Satellite technology company Hanwha Phasor has signed an agreement with OneWeb, the global communications company powered from space.

The ‘User Terminal Development agreement’ will see the two parties collaborate on the development of a new In-Flight Connectivity terminal that will enable airlines to connect aircraft, passengers, and crew over OneWeb’s Low Earth Orbit (LEO) satellite communication network.

The User Terminal Development agreement means that Hanwha Phasor will formalise testing for Type Approval certification which will give the business access to the OneWeb network.

Alongside this process, OneWeb will provide support to Hanwha Phasor on modem integration, terminal debugging and satellite airtime.

Hanwha Phasor to access OneWeb constellation

Hanwha Phasor has been working since December 2021 to meet the requirements to join the OneWeb network. The agreement between the two businesses formalises this work and marks and important step on the road to accessing the OneWeb constellation. The terminal is scheduled for certification in 2025.

OneWeb is a global communications network powered by a constellation of over 600 low Earth orbit (LEO) satellites. Headquartered in London, the company enables high-speed, low latency connectivity for governments, businesses, and communities everywhere around the world.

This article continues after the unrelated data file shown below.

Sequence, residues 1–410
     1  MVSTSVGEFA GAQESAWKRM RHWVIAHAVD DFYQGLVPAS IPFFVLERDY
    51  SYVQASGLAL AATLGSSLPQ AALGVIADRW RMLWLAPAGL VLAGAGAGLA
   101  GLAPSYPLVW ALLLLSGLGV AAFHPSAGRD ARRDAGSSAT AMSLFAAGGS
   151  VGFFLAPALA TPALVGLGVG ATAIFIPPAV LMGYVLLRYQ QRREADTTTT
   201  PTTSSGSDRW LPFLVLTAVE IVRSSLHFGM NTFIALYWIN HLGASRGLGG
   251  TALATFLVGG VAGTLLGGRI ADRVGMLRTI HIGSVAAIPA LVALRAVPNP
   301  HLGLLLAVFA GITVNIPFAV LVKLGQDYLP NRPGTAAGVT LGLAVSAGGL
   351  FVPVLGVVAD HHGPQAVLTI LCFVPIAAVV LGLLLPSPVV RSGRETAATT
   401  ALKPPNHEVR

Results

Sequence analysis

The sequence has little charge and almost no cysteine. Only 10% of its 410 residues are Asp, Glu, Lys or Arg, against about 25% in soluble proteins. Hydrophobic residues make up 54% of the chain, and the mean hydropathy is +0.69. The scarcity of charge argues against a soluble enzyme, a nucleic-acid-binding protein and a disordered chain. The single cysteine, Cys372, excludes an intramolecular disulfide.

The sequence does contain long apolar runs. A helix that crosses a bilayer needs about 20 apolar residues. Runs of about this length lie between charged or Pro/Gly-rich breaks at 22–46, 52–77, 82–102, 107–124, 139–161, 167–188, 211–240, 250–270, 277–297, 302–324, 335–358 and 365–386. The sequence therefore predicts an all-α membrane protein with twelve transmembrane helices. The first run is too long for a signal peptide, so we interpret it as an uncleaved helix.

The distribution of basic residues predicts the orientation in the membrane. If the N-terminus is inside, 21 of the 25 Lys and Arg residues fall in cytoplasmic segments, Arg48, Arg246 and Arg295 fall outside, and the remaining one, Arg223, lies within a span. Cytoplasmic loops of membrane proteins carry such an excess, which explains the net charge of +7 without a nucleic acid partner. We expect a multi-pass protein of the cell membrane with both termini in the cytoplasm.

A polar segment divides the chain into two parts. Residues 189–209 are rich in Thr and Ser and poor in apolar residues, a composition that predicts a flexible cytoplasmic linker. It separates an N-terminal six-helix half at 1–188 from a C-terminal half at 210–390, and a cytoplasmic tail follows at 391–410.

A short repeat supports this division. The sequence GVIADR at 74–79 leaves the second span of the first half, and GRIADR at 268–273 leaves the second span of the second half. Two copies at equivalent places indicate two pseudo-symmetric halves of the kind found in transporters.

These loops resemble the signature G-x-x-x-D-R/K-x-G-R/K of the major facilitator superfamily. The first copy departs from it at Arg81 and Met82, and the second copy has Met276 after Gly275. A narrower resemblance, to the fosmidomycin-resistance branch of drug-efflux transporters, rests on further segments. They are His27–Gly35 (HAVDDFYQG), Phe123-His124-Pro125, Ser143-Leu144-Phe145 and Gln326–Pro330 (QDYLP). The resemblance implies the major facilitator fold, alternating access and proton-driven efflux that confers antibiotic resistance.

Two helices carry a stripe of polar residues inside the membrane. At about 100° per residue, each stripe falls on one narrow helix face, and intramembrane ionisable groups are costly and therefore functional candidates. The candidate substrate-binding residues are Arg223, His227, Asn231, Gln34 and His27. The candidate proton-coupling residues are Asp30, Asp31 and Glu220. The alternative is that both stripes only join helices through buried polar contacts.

Dominic Philpott, chief operating officer of Hanwha Phasor, said: “We are proud to announce this agreement which formalises over 18 months of hard work. Producing a terminal for the OneWeb network is an important step towards providing full satellite communications for our customers.

“We look forward to working closely with OneWeb over the coming months to receive for certification on their satellite constellation”.

Massimiliano Ladovaz, chief technology officer at OneWeb, added: “We are excited to partner with industry leader Hanwha Phasor to deliver seamless, high performance connectivity to our airline customers – and their passengers.

“Together we look forward to enabling even more passengers, flying on current and future commercial aviation aircraft to enjoy high-speed, low latency connectivity – delivering a connected experience that is limited only by their imagination, not the available bandwidth.”
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